Clear vision is the result of light entering the cornea (clear window of the eye), passing through the lens inside the eye and coming to a single point of focus on the retina. The most common types of visual distortions are nearsightedness, farsightedness and astigmatism. How the Normal Eye Works The human eye functions much like a camera, with a lens in front and a light-sensitive screen, the retina, in the rear. Images enter the eye through the cornea, a transparent domed window at the front of the eye. In normal eye, the cornea bends (refracts) incoming images, causing the images to focus on the retina.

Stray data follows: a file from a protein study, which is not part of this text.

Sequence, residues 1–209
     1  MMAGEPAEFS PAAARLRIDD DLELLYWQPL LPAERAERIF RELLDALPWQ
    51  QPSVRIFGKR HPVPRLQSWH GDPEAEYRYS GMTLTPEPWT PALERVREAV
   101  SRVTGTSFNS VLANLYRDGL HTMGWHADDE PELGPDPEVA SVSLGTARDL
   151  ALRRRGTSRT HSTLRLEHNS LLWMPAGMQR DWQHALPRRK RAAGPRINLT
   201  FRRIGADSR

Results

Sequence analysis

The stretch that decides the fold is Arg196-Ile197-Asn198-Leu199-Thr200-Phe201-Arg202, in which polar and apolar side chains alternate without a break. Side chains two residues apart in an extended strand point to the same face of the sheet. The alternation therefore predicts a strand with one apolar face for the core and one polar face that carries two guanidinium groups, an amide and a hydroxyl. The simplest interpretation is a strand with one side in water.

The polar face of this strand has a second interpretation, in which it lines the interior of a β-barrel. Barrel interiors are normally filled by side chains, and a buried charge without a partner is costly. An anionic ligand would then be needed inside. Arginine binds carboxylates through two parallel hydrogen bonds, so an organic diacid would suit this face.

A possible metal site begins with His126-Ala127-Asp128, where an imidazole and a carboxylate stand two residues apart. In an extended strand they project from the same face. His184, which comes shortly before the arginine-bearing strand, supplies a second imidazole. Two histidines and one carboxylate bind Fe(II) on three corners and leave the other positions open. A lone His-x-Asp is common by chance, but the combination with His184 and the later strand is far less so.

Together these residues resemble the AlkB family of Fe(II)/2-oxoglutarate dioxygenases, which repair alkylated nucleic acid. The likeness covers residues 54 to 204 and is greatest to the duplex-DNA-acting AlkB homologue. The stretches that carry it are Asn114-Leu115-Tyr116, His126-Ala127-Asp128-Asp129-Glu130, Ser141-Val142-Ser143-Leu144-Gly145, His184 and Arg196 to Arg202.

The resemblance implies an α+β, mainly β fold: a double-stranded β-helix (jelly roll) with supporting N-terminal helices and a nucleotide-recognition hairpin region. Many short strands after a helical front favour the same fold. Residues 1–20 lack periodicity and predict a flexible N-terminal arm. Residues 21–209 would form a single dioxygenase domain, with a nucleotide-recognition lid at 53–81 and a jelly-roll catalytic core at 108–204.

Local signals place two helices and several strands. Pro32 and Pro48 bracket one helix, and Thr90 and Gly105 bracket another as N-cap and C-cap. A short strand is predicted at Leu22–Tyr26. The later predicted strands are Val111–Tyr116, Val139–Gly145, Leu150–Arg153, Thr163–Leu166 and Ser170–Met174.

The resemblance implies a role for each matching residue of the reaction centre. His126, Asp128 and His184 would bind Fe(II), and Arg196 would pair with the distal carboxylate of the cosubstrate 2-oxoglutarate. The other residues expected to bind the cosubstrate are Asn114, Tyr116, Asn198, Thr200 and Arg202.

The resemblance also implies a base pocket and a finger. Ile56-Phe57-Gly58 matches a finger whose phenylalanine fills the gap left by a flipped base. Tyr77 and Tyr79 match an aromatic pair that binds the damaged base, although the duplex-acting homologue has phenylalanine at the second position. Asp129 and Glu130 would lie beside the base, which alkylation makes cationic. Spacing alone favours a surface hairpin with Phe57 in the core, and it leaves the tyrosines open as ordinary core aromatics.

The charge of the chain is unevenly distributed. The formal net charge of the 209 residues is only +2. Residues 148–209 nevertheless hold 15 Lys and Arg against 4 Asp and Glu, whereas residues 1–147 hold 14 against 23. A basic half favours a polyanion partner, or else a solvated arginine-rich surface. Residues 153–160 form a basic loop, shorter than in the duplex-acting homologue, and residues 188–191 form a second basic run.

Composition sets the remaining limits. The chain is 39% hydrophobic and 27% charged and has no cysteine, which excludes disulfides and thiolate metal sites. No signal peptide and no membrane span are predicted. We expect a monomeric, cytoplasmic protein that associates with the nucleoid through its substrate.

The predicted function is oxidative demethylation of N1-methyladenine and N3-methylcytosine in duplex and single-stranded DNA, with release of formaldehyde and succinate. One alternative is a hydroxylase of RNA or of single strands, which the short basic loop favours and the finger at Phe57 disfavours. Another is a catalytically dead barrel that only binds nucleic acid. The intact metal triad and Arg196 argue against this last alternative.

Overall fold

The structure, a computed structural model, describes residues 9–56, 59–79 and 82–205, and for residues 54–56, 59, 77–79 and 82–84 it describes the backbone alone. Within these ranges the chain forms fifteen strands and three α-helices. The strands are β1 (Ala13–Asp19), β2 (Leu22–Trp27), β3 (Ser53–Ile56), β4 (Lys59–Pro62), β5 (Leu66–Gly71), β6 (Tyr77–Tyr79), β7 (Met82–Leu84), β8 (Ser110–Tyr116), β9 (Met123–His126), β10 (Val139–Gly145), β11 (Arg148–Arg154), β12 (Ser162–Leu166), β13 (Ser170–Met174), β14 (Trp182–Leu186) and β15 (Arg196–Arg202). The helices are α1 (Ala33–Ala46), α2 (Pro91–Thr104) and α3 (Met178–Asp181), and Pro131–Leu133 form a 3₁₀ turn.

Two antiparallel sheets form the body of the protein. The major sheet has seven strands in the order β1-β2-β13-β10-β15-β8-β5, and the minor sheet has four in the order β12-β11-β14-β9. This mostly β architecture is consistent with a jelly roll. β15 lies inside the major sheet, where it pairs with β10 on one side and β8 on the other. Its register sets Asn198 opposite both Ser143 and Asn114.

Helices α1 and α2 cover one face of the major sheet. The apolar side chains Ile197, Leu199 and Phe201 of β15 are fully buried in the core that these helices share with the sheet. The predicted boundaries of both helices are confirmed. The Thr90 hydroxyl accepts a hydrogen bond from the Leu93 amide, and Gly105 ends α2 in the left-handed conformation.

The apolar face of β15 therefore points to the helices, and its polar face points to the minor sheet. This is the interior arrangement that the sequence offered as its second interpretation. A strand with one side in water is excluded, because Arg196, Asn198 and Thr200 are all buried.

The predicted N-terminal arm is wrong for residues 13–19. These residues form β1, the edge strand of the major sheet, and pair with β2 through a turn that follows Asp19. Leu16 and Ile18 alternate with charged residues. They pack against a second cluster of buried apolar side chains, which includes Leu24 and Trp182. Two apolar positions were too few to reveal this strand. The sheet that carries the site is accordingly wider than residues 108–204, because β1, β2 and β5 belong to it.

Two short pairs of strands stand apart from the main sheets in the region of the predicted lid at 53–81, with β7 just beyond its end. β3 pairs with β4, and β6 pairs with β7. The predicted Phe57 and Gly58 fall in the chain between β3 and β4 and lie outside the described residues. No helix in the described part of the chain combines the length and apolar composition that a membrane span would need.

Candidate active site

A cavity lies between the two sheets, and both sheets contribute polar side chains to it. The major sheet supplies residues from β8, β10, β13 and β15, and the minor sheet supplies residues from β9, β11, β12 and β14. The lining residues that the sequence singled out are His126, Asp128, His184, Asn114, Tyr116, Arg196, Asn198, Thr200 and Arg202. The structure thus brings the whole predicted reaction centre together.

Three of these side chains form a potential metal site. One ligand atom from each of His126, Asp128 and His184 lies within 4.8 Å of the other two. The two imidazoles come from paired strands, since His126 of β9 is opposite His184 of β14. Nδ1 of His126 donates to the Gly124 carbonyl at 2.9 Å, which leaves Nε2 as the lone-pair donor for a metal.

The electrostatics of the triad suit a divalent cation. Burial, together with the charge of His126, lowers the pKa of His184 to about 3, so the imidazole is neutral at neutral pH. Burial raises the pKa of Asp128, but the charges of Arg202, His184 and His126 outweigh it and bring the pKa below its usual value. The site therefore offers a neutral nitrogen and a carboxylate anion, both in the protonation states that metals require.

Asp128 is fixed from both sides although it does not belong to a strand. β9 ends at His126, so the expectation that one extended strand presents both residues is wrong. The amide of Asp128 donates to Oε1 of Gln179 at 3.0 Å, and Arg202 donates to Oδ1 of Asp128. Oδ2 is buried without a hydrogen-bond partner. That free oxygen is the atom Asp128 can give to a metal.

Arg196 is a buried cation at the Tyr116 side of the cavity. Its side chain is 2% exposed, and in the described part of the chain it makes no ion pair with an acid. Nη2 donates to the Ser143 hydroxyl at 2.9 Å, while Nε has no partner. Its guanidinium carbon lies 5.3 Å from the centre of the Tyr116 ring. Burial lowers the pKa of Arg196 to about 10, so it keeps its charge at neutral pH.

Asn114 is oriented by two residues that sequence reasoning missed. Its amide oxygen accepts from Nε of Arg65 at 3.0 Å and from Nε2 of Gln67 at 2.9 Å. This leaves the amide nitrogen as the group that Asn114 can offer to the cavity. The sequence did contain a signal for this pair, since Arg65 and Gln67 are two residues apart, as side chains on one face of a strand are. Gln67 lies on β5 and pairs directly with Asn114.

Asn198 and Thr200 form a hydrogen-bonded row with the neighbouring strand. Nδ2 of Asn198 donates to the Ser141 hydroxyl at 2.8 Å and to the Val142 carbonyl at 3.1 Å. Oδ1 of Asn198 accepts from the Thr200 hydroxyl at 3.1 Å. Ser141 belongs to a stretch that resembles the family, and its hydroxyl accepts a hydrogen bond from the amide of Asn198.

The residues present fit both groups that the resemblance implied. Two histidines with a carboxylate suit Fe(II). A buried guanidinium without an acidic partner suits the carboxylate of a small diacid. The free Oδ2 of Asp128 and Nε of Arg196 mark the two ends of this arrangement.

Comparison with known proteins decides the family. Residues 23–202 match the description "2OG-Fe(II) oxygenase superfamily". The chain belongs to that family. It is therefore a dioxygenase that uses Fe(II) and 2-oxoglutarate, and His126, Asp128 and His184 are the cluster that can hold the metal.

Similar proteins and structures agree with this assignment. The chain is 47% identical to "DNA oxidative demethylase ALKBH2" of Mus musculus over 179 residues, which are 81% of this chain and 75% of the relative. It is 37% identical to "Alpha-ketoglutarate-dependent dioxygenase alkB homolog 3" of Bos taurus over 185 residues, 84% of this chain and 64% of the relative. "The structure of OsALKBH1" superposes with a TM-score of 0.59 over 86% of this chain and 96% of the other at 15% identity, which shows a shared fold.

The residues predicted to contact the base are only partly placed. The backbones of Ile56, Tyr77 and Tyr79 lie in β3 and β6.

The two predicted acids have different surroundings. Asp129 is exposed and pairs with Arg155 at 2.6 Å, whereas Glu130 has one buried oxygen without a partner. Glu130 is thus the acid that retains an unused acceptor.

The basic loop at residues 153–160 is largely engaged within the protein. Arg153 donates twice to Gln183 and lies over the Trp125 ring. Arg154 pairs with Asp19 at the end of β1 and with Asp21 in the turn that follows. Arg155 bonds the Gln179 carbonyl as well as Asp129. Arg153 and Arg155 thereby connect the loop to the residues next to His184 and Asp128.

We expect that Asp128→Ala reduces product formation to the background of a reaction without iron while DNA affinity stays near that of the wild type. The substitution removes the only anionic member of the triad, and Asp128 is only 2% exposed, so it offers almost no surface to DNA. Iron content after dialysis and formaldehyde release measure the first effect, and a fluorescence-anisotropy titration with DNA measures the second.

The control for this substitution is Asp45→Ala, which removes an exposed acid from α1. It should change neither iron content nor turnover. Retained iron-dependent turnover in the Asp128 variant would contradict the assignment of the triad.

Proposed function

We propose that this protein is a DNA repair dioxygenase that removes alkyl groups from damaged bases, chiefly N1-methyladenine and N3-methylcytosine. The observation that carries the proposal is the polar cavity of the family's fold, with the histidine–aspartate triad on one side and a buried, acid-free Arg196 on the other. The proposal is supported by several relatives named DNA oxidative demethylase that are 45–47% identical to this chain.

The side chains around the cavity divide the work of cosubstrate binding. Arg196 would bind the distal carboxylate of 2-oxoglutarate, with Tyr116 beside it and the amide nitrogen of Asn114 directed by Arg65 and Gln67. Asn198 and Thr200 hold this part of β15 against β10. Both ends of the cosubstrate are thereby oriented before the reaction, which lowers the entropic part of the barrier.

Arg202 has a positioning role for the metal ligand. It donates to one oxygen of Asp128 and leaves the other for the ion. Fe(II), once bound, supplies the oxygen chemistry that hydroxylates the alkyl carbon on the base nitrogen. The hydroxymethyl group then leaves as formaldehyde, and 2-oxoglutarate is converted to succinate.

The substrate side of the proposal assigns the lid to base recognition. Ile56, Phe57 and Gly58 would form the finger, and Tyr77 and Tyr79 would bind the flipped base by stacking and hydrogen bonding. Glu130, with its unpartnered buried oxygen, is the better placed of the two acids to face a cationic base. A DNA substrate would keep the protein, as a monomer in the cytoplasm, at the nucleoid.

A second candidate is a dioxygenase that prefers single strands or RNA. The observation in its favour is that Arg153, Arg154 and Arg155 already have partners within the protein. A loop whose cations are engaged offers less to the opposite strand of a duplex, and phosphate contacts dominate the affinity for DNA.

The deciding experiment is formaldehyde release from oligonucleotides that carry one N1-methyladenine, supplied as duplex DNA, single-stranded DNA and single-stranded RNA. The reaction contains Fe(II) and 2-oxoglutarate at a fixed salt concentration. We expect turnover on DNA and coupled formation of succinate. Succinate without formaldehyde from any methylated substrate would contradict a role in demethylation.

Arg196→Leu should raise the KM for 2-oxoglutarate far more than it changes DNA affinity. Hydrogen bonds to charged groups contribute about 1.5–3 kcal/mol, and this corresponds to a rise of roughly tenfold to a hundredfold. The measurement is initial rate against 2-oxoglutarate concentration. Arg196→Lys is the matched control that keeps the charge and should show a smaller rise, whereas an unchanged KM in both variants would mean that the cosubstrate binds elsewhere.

- NEARSIGHTEDNESS occurs when the cornea comes too steep or the eye is too long. This causes light rays entering the point of focus before they reach the retina. People who are nearsighted have difficulty seeing distant objects.
- FARSIGHTEDNESS occurs when the cornea too flat or the eye is too short. This prevents light rays entering the eye from bending enough to come to a point of focus on the retina. People who are young and farsighted can often see at distance but have difficulty seeing close objects.
- ASTIGMATISM occurs when the cornea is shaped like a football, steep in one direction and flat in the other direction. This causes light rays entering the eye to focus in multiple points within the eye. People who are nearsighted or farsighted also have astigmatism.